You might assume that I am a “good” reader. I have an M.Ed in reading education and an Ed.D. I taught secondary reading and ELA for over a decade and read daily for work and pleasure. While I can easily speed through a thousand-plus-page fiction novel, I may struggle slowly and methodically through a dense research article filled with statistics. I don’t know if I’m a good reader. I know I’m an effective one.
We sometimes decide whether students are good readers based on assessment data and classroom interactions. However, classifying students as a “good” reader or “not a good” reader misses important nuances and overlooks that reading ability often falls on a spectrum and is knowledge-dependent. Without nuance, we miss critical opportunities to find and build on student reading strengths.
Some may thrive in their English literature classes and eagerly dissect the main points of the stories and the characters. A biology textbook is arduous for the same student because of its abstractions, unfamiliar vocabulary, and dense sentences, requiring intense focus and background knowledge.
A student being a “good” reader in one subject does not mean they’re effective across all subjects, which matters for instruction.
A reader’s effectiveness depends on many factors, including prior knowledge, vocabulary, and content. Indeed, reading requires the reader to execute an array of foundational skills with increasing automaticity: an immediately applied understanding of letter-sound correspondence, decoding, and fluency.
But to prepare students to be nimble and effective readers, we must build up their skills across the diverse texts they will encounter in life—scientific, technical, mathematical, narrative, and literary.
Each type of text has its structures, vocabulary, and organization, and each text requires the reader to activate their background knowledge for comprehension, which is personal, cultural, and situational.
The oft-cited Recht & Leslie 1988 baseball study found that weak readers with prior knowledge of the topic of baseball scored as high as “good” readers who weren’t familiar with baseball. Readers who know about a topic can read increasingly complex texts; readers with weak or inaccurate background knowledge struggle to comprehend unfamiliar topics.
In addition to global knowledge or a topic, like baseball or mitosis, effective readers also have local background knowledge, which they activate at the sentence level (e.g., what noun a pronoun refers to, what a semicolon does in a sentence, nominalization in a science text).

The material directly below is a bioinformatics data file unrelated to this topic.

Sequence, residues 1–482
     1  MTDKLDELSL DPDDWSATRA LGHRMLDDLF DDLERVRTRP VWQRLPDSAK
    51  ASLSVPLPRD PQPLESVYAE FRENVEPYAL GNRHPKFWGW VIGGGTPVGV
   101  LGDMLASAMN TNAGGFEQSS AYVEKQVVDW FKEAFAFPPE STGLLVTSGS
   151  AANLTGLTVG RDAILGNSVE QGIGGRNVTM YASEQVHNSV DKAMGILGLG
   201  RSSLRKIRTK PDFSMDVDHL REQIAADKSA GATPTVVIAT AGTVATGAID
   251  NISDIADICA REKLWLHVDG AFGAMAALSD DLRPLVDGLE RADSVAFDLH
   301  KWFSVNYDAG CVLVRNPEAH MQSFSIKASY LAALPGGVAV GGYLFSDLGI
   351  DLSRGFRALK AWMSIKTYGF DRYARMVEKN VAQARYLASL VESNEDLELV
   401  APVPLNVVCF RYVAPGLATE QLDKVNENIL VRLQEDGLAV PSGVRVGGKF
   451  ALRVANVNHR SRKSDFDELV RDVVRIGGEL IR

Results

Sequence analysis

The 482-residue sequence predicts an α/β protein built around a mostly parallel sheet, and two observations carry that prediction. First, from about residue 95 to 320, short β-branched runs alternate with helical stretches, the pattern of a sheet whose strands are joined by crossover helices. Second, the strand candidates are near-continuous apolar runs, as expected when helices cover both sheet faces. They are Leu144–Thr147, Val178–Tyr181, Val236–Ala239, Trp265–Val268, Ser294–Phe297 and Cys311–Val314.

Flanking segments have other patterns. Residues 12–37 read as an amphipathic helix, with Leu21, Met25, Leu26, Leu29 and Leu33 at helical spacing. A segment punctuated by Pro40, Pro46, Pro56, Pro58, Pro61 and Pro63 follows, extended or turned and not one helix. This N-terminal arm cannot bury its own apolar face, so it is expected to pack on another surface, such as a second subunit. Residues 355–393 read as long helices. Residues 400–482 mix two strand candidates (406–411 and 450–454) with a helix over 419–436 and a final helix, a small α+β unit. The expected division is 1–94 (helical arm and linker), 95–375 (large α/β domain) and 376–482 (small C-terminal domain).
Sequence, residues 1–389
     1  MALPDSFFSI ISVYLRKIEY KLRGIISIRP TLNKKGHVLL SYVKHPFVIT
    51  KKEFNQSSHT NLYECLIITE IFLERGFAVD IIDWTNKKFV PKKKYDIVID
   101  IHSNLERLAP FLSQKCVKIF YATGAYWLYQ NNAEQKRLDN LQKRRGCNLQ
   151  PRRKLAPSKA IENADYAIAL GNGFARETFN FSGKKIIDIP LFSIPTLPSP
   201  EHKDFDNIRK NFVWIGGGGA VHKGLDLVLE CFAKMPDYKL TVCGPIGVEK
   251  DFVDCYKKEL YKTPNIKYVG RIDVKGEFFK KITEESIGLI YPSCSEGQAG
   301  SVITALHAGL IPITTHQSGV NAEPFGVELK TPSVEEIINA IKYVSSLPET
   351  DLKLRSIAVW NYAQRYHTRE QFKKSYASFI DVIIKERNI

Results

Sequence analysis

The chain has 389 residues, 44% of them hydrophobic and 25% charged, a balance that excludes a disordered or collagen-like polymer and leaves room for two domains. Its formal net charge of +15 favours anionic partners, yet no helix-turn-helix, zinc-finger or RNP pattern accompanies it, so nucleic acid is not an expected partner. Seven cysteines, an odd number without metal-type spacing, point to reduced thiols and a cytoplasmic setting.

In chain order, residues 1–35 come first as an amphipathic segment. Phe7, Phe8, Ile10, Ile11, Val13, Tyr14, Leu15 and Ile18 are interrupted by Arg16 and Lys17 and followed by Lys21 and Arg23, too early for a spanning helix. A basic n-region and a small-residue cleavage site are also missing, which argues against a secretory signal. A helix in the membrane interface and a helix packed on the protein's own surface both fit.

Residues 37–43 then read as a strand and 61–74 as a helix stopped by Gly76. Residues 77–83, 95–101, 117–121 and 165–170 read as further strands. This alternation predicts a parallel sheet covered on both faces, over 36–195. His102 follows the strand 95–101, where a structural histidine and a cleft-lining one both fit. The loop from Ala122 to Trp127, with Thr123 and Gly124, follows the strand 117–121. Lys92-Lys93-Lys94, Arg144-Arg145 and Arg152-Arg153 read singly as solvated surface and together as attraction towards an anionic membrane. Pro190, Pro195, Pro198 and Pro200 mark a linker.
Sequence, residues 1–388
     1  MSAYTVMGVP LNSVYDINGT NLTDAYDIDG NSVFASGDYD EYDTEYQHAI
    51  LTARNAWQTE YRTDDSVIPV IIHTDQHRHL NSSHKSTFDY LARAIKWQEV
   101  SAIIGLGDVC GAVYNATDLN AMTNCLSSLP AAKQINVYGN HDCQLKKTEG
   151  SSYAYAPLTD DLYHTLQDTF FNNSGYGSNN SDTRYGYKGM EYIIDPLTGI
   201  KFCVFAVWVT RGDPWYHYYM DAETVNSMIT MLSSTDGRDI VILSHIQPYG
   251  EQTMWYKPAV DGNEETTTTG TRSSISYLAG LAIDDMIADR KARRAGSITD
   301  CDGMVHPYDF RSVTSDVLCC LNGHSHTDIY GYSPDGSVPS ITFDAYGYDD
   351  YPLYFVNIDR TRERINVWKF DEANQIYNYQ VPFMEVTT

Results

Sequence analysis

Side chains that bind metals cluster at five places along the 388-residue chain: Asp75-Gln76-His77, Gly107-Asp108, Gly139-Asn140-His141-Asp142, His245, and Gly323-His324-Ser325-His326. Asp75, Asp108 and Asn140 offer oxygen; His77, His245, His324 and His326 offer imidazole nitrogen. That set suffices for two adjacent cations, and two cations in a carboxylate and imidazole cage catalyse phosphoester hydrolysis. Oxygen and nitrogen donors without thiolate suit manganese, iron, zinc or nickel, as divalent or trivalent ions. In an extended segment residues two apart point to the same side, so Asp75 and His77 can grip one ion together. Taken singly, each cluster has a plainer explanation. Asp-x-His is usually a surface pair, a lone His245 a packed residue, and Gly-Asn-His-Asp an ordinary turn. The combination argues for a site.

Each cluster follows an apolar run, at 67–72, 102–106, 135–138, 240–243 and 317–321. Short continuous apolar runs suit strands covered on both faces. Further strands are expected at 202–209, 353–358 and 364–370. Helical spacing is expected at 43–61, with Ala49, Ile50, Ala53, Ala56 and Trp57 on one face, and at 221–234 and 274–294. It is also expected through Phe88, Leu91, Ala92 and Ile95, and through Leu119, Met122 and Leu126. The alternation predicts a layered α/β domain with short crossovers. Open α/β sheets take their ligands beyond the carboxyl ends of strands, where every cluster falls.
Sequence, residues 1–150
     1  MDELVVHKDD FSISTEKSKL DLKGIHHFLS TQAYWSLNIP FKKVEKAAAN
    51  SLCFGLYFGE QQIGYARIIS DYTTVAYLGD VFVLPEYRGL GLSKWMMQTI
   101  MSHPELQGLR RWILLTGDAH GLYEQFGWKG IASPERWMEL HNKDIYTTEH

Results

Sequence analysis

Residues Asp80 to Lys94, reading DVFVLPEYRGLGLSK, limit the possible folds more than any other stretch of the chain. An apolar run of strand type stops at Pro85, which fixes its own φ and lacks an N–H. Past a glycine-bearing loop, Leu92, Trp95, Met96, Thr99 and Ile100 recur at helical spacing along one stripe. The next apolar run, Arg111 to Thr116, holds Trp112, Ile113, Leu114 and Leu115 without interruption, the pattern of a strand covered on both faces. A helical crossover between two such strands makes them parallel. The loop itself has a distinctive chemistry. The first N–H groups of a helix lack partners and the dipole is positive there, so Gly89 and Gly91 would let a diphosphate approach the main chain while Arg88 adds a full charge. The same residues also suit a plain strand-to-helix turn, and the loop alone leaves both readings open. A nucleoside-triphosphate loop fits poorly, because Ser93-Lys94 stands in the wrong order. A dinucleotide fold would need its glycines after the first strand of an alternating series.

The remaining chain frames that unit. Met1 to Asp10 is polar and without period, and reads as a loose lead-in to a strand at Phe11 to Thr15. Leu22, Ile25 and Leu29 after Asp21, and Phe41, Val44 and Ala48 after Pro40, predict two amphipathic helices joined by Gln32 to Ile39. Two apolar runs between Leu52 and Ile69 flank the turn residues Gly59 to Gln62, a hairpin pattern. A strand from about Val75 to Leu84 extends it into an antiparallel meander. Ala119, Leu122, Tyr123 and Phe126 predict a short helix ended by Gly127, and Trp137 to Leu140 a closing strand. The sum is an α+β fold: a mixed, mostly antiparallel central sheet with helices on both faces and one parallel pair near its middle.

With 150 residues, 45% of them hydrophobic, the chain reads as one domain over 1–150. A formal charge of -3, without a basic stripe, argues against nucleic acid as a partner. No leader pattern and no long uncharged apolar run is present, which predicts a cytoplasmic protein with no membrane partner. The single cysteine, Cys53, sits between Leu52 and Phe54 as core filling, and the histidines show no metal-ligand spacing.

Effective readers use morphemes flexibly to break apart unfamiliar words and determine their meaning. Readers also need motivation, self-efficacy, and engagement. Engaged and motivated readers keep going; disengaged and unmotivated readers stop.
Moving mindsets from “good reader” to “effective reader” is crucial in secondary schools as students encounter more diverse texts with topics and structures that reflect the unique demands of each discipline and require a discipline-specific approach to reading. Instead of asking whether students are good readers, Upper-grade teachers should consider these questions regardless of whether it’s for ELA or chemistry.
Answers to such questions are telling.
Plus, reframing from “good” to “effective in different contexts” allows students to experience a variety of successes. They can see where they read effectively and where they do not— and then receive appropriate, targeted support. Starting with readers having access, opportunity, and targeted support across content areas to grow their reading abilities continuously. It also means providing upper-grade teachers professional learning and support to approach student learning through a reading effectiveness lens.
You may wonder, “How can I have a culture of effective readers in my building?”
For school leaders and coaches:
For teachers and coaches:
Miah Daughtery, Ed.D., is the literacy director of content advocacy and design at NWEA, where she spends her days figuring out how to get kids more excited about reading and writing. Prior to joining NWEA, she was a classroom reading and English teacher for almost 10 years, a district literacy specialist, the state literacy coordinator for the Tennessee Department of Education, the director of literacy for Achieve, and the executive director of professional learning for Odell Education. Miah earned her BA in English at the University of Michigan, her MEd in reading at Wayne State University, and her EdD in public policy and educational administration from Vanderbilt’s Peabody School of Education in 2016. She believes literacy is an ethical and social justice issue, and she prides herself on finding books for reluctant readers.
Your donation will support the work we do at brightbeam to shine a light on the voices who challenge decision makers to provide the learning opportunities all children need to thrive.